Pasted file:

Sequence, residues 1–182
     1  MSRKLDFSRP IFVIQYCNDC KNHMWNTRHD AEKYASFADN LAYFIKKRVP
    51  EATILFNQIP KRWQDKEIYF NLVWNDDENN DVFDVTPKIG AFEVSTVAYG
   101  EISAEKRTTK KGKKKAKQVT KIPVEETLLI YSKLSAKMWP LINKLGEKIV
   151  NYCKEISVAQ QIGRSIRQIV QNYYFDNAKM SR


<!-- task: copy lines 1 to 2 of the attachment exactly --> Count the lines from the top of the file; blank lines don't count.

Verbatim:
Sequence, residues 1–182
     1  MSRKLDFSRP IFVIQYCNDC KNHMWNTRHD AEKYASFADN LAYFIKKRVP